Posted By Blackfive • [October 09, 2012]
Here's a rundown of what the big news agencies think about Mitt Romney's foreign policy speech:
FoxNews loves it (I'm shocked)...
The NY Times blasts it (again, I'm shocked)...
...He said he would toughen sanctions on Iran. If he intends to go beyond what Mr. Obama is already doing with international support, he should say so and spell it out. Otherwise, the only room he leaves to the right of Mr. Obama’s policy is to wage war on Iran — a catastrophically foolish idea that most Americans recognize as folly.
Mr. Romney repeated an outright lie about Mr. Obama’s military spending policy to make himself appear more concerned about America’s defense. He accused Mr. Obama of favoring “deep and arbitrary cuts” to the military when, in fact, those cuts, if they happen, were mandated by a deal demanded by the Republicans to end their trumped-up crisis over the debt ceiling.
One good piece of news is that on the Israeli-Palestinian conflict, Mr. Romney has remodified his position one more time. After telling a private donor party during his primary campaign that “this is going to remain an unsolved problem,” he now endorses a two-state solution, although he never suggests how he would go about this.
Americans deserve an intensive, textured and honest discussion on foreign policy. They did not get it on Monday. Mr. Obama should respond, forcefully, to Mr. Romney on these issues, even before their next debate on Oct. 16, which will include issues of foreign affairs.
The WashPo likes it...
AFTER REPEATEDLY FUMBLING on foreign policy during his campaign, Mitt Romney delivered Monday a coherent and forceful critique of President Obama’s handling of the upheavals in the Middle East. Arguing that a fateful struggle is playing out across the region, he said the United States is “missing an historic opportunity” because of Mr. Obama’s failure to more aggressively support liberal forces against dictators and Islamic extremists. “It is the responsibility of our president to use America’s great power to shape history — not to lead from behind, leaving our destiny at the mercy of events,” Mr. Romney said.
Worst, Mr. Obama has stood by — or pursued feckless diplomatic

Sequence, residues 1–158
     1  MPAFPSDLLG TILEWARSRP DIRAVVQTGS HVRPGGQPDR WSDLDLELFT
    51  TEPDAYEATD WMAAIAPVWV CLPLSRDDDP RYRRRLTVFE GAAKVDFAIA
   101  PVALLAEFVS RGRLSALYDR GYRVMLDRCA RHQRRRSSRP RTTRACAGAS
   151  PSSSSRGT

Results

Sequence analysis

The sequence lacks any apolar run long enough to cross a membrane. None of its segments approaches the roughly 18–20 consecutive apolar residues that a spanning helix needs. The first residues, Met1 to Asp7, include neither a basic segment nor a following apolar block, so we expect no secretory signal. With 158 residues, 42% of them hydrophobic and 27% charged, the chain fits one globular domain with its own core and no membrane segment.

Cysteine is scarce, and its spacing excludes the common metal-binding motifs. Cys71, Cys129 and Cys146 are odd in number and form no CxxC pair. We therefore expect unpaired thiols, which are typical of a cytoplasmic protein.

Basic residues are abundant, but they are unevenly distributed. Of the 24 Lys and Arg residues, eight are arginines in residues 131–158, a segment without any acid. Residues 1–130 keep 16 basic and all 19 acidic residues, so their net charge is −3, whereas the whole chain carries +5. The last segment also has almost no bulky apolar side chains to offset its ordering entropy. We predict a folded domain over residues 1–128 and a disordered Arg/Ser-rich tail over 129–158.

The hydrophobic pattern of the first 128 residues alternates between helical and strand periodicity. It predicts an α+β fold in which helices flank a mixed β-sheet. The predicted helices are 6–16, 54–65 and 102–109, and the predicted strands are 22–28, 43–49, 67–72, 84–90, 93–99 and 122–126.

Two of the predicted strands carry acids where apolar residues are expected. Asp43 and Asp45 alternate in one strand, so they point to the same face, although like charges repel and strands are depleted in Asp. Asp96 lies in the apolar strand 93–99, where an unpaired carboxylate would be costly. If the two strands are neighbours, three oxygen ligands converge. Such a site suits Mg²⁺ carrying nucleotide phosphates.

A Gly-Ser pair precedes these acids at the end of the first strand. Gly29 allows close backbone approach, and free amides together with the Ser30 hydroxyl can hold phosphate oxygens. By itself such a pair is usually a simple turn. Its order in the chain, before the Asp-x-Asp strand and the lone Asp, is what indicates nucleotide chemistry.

initiatives — while Syria has descended into a maelstrom of massacres,
opening the way to a sectarian civil war that could spread across the
In all, it is hard to avoid the conclusion that Mr. Romney, like Mr.
Obama, is avoiding the embrace of a more robust Mideast policy out of
fear of offending voters weary of international conflict or of dividing
his own advisers. Mr. Obama’s campaign released a new ad calling Mr.
Romney’s foreign policy “reckless.” In fact, this was a too-cautious
response to a too-cautious policy.
And the Wall St. Journal mostly likes it...
...The speech is an important moment as a window on Mr. Romney's principles and instincts as Commander in Chief. Within half an hour of delivery, President Obama's surrogates were portraying the Republican as erratic, uninformed and dangerous—supposedly George W. Bush with better diction. Yet the man who took the VMI stage came off as serious, pragmatic and cautious, possibly to a fault.
His broad strokes offered a welcome contrast to Mr. Obama's view that America must defer to other nations to win global favor. Mr. Romney recognized the electorate's understandable war fatigue, but he still made a case for the world's only superpower to reassert its leadership, most of all in the Middle East.
In advocating a robust role for the U.S. overseas, Mr. Romney is placing himself in a long bipartisan tradition from Truman to Bush, while comparing Mr. Obama to Jimmy Carter in Presidential weakness. Foreign policy won't decide this election, but voters should be pleased that the Republican has forcefully made a case for renewed American leadership in the world.